Hi, I have a confusion between ‘Tak‘ and ‘Ke‘. I guess both of them are used for asking something. Hope you will explain it. Thanks a lot.
Hello Himel, that is a very good question.
In colloquial Malay, they seem almost completely interchangeable. You hear them both at the end of a sentence that is meant to be presented as a question.
Let’s tackle ‘ke‘ first.
The finer difference is that ‘ke‘ (I believe, but I could be wrong) is the informal version of ‘kah‘ of formal Malay. Like if you look at formal Malay texts, you will see questions such as ‘where, when, what, why, who, how’ accompanied by a ‘kah‘ right after the interrogative word.
Di manakah rumah awak? : Where is your house?
Rumah awak kat mana? : Where is your house? (Same meaning, but no ‘ke‘ in informal Malay. Just a change of arrangement and word from ‘di‘ to ‘kat‘)
If you still use ‘ke‘ in this particular sentence, it will sound strange…
Informal (Example of wrong usage of ke)
Rumah awak kat mana ke? : Where is your house, is it not? (As you can see, using ‘ke‘ here is out of place. Also it is redundant since the ‘kat mana‘ part is already a question, so it does not need the help of ‘ke‘ to make it sound like a question)
If you want to use ‘ke‘ the right way in informal Malay, the question has to be in a way that seeks a ‘yes’ or ‘no’ confirmation rather than it being an open-ended question like the above example.
Informal with ‘ke‘
Rumah awak yang ini ke? : Is your house this one? (‘Ke‘ makes it sound like a question)
Informal without ‘ke‘
Rumah awak yang ini : This is your house (If you don’t know how to say it in the right questioning tone, the absence of ‘ke‘ makes the sentence sound like a statement of fact instead of a question)
This is why sometimes I translate ‘ke‘ as ‘or not’ in my lessons because the presence of ‘ke‘ automatically transforms the whole sentence into a question. So technically, ‘ke‘ literally acts like a question mark. If I just put a ‘?’ in my translation, people might get confused.
Summary: The informal version (ke) is used in a ‘yes or no’ kind of question whereas the formal version (kah) can be used in both open-ended and close-ended questions.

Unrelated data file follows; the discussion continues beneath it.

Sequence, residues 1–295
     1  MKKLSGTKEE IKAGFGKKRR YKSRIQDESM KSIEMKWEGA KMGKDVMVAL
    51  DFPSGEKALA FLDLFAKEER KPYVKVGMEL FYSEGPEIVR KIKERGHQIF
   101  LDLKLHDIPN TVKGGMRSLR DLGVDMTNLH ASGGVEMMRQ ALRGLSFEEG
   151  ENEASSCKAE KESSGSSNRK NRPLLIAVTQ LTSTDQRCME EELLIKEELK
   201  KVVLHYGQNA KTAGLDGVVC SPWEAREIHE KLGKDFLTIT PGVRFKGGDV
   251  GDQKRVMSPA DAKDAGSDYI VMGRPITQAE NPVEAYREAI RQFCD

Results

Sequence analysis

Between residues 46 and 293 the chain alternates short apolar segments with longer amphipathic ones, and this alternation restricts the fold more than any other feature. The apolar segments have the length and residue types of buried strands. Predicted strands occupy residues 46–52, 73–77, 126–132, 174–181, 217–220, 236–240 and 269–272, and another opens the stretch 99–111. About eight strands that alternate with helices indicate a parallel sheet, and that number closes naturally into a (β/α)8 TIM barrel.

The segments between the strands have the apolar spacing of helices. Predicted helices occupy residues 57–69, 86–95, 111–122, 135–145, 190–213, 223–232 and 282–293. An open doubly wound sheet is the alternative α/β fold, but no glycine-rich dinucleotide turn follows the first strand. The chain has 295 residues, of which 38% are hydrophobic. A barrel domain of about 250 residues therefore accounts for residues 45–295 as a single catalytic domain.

Now let’s tackle ‘tak‘ which is the informal, short form of the formal ‘tidak‘
Mahu atau tidak mahu? : Want or don’t want?
Nak tak? : Want or not?
Summary: ‘Tak‘ is also used as a close-ended question. It is also very similar to ‘ke‘ in a sense that without a ‘tak‘ in the question, it becomes a statement when said without the right questioning tone.
DIFFERENCE between ‘tak‘ and ‘ke‘
There is a really subtle difference in meaning that doesn’t come through in English.
EXAMPLE: Is this blouse pretty?
• Baju ni cantik tak? : For this particular question, it has some strong expectations to it. Even though one can respond with ‘yes the blouse is pretty’ or ‘no the blouse is ugly’, the ‘tak‘ is usually used to gently nudge people into agreeing with you. Use this if you’re looking for consent*.
• Baju ni cantik ke? : Sounds less sure. So if you’re on the fence and want a more genuine, unbiased answer, use ‘ke‘. It sounds like you’re still making up your mind.
Other than the above…
• There is no rule governing the right usage of ‘ke‘ and ‘tak‘ in colloquial Malay other than it ‘sounds right to my local ear’.
• I feel that the difference happens by pure preference. So over time, one tends to sound ‘more right’ than the other because more people use it in a certain way more times and it becomes an unwritten rule.
• Generally though, I feel ‘tak‘ is more widely used than ‘ke‘ in seeking confirmation.
• I would say they are generally interchangeable
*Note: But not all questions with ‘tak‘ expects consent. Like in the case of finding out about someone, like ‘Is he friendly?’, you can ask ‘Dia peramah tak?‘. No expectations in it. Just a purely, objective question.
Haha I’m sorry if I end up confusing you more. It’s really difficult. NO RULES for this one. I really tried.
If anyone wants to leave a comment and continue the discussion here, please feel free!